Elderly rural residents have less access to healthcare than their urban counterparts – remote healthcare may help

In the United States, telehealth use was 78 times higher in April 2020 than in February 2020. Telehealth user numbers are unlikely to return to pre-2020 levels, even when the pandemic ends, which is very good news for rural communities. More demand increases the likelihood of healthcare providers offering telehealth services as standard.
Inaccessible healthcare is a long-standing issue. Even in wealthy and geographically small countries, poor access to healthcare is a widespread problem. In the United Kingdom, nearly one in seven older people, which equates to 1.4 million citizens, can’t access the care they need.
And it’s the older people who are often most in need, making poor access to healthcare a significant mortality risk. According to the CDC, rural residents are more likely to die prematurely from all five of the leading causes of death than their city-dwelling counterparts. These causes include heart disease, cancer, unintentional injury, chronic lower respiratory disease, and stroke. The agency cites telehealth’s effectiveness in reducing barriers to care for those living far away from specialists or who have transportation or mobility issues.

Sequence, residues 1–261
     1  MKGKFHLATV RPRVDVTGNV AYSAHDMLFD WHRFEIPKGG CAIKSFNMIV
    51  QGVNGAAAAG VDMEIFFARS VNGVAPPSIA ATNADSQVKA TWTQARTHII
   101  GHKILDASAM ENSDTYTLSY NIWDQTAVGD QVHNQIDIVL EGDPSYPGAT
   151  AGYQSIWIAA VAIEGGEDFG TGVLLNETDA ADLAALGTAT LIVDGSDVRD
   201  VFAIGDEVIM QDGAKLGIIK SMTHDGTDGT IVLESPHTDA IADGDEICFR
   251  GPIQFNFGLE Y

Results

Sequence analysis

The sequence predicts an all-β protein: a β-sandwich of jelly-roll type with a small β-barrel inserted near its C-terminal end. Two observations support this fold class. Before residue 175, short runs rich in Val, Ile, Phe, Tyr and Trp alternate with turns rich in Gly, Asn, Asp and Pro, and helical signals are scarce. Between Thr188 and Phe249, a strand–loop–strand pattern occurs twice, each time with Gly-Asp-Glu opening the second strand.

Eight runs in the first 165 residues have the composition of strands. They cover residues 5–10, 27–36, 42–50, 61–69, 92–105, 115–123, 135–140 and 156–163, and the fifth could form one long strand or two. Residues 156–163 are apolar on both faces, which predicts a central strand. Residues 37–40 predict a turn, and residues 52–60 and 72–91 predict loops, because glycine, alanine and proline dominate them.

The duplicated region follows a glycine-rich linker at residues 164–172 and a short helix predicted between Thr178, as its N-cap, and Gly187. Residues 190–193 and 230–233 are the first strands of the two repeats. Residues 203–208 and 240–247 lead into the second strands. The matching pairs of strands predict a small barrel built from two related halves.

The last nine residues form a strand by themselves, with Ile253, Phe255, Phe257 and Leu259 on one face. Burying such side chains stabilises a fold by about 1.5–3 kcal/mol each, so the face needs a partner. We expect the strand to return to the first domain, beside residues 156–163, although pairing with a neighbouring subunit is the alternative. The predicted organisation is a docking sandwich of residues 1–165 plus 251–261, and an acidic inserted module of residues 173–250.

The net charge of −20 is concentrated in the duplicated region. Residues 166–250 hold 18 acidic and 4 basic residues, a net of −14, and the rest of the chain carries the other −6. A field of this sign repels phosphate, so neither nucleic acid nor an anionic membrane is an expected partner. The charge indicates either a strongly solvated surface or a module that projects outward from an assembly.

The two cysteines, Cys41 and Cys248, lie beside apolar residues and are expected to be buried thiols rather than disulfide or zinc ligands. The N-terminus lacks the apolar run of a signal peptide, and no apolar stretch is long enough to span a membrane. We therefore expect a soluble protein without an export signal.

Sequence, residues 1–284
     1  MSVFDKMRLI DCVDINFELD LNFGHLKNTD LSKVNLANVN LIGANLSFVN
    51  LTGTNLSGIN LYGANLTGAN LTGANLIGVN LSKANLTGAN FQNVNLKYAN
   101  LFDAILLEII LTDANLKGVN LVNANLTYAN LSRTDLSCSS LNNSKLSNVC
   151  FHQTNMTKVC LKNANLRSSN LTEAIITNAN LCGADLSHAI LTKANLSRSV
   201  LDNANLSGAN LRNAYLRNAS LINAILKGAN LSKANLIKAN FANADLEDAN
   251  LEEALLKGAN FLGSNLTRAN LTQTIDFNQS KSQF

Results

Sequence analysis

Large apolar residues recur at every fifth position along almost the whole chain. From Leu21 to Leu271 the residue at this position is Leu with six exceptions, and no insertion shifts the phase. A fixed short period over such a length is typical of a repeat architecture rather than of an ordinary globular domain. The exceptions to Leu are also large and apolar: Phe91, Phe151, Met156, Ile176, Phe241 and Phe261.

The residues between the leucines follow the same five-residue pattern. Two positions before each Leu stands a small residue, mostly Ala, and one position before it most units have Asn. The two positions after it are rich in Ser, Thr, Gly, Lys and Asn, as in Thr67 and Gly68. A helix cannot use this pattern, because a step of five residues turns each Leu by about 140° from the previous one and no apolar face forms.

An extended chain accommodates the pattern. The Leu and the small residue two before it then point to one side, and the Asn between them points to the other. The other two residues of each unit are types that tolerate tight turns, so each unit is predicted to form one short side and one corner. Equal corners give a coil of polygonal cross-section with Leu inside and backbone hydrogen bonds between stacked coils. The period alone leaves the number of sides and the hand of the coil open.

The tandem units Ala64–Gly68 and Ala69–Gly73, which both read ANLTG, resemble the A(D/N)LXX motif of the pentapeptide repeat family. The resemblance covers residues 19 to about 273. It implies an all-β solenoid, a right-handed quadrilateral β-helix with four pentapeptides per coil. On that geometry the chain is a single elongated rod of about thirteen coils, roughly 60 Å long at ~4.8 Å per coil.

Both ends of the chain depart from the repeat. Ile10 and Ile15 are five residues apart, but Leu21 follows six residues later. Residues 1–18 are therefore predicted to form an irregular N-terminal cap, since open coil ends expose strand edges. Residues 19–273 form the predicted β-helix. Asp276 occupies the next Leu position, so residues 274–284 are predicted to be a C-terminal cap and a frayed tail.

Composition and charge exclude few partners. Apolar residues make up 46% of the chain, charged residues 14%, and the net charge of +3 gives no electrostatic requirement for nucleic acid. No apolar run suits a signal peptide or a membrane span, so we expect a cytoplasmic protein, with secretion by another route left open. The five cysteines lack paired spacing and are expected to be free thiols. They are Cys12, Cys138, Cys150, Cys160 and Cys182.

A generation of tech-savvy seniors
Millennials are more likely to live in urban areas but are keen to keep using telehealth services. The results of one study show that younger generations enjoy the convenience telehealth can offer. Most are even willing to pay more money to use telehealth over traditional visits to a medical center. These findings strongly suggest that telehealth can one day close the gap between rural and urban healthcare.
Telehealthcare services must include secure messaging, video consultations, remote patient monitoring features, and more. But getting used to these platforms involves a big learning curve.
Luckily, many senior citizens can easily adapt to new technology. A study conducted in the United States found that four in ten people aged 65 and above now own a smartphone. One-third own a tablet computer, and the number of seniors using social media is growing every year.
This illustrates that despite some people finding physical activities more challenging with age, the same may not be true for adopting new technology. So for an older person who finds travel difficult, digital technology can give them the quality care, support, and advice they need.
The post Elderly rural residents have less access to healthcare than their urban counterparts – remote healthcare may help appeared first on The Healthcare Guys.

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